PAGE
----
Teaching software company raises $500K; turns toward public schools

The Schoolrunner app tracks grades, school attendance and other measures of student behavior.

Call it extra credit.

Schoolrunner, a Denver startup that makes software for teachers, has raised another $500,000 from investors including the Colorado Impact Fund, the venture capital firm that gave it a $1.5 million boost in 2015.

Founder Charlie Coglianese said that money will help the startup to pitch public school districts in addition to the charter schools that have been its customers since 2012.

“(Public schools are) where 90 percent of the kids are,” said Coglianese. “I think from both a mission perspective and a growth perspective that’s where we’ve got to be.”

Schoolrunner is a desktop and mobile app that tracks grades, school attendance and other measures of student behavior. Coglianese said the software helps teachers to upload grades and helps administrators to spot problems in school curriculums and student behavior. Parents can also log in to Schoolrunner to see how their child is doing on homework and class participation.

“When you have a parent/teacher meeting, you are already on the same page and you already know what’s going on,” Coglianese said.

Schoolrunner disclosed a raise totaling $2 million on April 24. Coglianese said that includes the $500,000 from the Colorado Impact Fund and other investors this month, plus the Colorado Impact Fund investment from two years ago.

Charlie Coglianese

Coglianese was making software for New York hedge funds when a friend opening a school in New Orleans called him in search of an alternative to using spreadsheets. Coglianese coded a piece of software for his friend and quit his job in 2012 to start Schoolrunner.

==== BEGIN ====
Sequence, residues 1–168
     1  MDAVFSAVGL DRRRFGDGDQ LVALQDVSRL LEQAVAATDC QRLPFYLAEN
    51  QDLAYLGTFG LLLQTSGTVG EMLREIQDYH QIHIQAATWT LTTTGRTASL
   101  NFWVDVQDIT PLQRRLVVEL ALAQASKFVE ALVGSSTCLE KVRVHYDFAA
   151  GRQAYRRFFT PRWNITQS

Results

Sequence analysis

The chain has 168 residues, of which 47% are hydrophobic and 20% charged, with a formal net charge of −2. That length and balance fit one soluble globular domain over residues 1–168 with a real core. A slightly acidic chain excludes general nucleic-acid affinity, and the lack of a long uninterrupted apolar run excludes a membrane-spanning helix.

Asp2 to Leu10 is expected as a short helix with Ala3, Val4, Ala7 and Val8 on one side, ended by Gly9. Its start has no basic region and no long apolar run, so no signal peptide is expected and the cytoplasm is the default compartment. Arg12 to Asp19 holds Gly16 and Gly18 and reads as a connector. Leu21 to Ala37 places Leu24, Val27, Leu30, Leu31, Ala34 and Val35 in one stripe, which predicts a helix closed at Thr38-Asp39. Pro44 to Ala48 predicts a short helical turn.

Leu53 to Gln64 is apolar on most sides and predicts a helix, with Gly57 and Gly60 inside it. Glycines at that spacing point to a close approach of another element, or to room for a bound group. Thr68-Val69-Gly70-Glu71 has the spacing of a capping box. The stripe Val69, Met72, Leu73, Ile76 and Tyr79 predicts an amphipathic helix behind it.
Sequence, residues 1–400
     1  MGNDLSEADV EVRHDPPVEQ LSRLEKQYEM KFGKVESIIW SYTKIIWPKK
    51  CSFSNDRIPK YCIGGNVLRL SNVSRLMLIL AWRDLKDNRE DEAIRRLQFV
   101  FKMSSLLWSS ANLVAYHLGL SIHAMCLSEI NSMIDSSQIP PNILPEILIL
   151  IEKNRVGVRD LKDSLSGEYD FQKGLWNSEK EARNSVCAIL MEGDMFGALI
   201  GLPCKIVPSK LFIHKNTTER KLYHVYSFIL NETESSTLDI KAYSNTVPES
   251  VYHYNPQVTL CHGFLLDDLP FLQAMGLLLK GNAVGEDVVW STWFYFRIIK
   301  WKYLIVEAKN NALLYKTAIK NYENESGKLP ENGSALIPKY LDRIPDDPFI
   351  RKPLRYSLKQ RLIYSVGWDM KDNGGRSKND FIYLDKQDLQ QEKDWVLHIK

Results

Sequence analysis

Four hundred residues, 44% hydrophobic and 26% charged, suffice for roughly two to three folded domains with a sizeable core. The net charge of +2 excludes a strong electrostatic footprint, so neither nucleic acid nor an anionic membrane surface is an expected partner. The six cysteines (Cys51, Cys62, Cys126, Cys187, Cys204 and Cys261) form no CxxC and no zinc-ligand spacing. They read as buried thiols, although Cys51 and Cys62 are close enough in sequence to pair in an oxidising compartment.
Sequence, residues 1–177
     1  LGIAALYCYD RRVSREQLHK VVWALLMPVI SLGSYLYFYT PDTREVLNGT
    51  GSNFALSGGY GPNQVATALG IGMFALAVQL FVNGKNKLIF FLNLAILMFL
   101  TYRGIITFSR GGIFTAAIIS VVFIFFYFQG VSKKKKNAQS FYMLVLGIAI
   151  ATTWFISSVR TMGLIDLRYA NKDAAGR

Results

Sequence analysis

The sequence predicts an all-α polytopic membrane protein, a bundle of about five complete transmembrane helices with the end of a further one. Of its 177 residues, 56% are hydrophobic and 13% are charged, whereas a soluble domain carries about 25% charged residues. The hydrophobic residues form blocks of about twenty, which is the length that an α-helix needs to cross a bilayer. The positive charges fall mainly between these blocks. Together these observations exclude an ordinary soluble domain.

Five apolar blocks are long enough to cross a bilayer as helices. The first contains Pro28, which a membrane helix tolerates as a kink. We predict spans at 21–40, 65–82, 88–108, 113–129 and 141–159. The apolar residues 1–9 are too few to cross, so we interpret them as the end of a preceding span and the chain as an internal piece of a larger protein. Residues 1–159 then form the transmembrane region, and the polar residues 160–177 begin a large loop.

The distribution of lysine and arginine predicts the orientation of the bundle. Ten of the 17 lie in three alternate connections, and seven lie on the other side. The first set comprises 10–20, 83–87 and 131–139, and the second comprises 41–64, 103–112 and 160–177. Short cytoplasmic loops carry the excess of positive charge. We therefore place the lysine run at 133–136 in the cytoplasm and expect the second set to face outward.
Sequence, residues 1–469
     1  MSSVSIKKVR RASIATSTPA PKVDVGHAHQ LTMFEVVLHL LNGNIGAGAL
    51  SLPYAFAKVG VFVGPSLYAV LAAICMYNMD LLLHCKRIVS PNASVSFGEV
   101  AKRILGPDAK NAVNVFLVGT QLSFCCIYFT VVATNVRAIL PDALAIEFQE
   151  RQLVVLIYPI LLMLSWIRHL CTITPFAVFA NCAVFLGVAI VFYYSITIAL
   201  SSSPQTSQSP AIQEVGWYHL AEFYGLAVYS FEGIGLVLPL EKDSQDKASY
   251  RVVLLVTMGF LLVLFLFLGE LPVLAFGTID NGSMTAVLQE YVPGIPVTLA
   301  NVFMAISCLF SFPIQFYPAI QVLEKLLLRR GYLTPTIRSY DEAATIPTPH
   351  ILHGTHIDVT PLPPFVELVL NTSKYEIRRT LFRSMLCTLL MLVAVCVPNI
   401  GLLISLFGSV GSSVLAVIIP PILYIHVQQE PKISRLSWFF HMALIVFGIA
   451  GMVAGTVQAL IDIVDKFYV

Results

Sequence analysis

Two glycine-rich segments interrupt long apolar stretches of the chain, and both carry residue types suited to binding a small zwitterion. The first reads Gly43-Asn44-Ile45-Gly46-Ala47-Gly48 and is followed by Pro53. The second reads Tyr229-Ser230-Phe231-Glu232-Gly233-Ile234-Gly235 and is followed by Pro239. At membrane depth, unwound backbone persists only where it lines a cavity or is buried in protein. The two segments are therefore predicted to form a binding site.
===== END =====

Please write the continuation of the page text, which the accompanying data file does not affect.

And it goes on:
There are now 73 schools in 11 states using Schoolrunner, Coglianese said. Customers typically pay $10,000 per year. Coglianese said the company was profitable for its first two years, but has since dipped into the red.

The 10-person startup is based in a 2,500-square-foot space in RiNo’s Taxi building.

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Dean Teagan
Dean Teagan
3 years ago

Electronic databases that track student information should be made transparent to parents, particularly when behavioral information is tracked such as with Schoolrunner. Parents and educators shshold also understand that companies that produce school products are subject to manipulation when they rely on special interest grants and funding. Online school databases can also used for information distribution and this is something which is the presently the subject of a nationwide scandal involving EBSCO. EBSCO has been placed on the 2017 Dirty Dozen list for misusing school databases to target advertising to children, including to pornographic material and escort services. For more… Read more »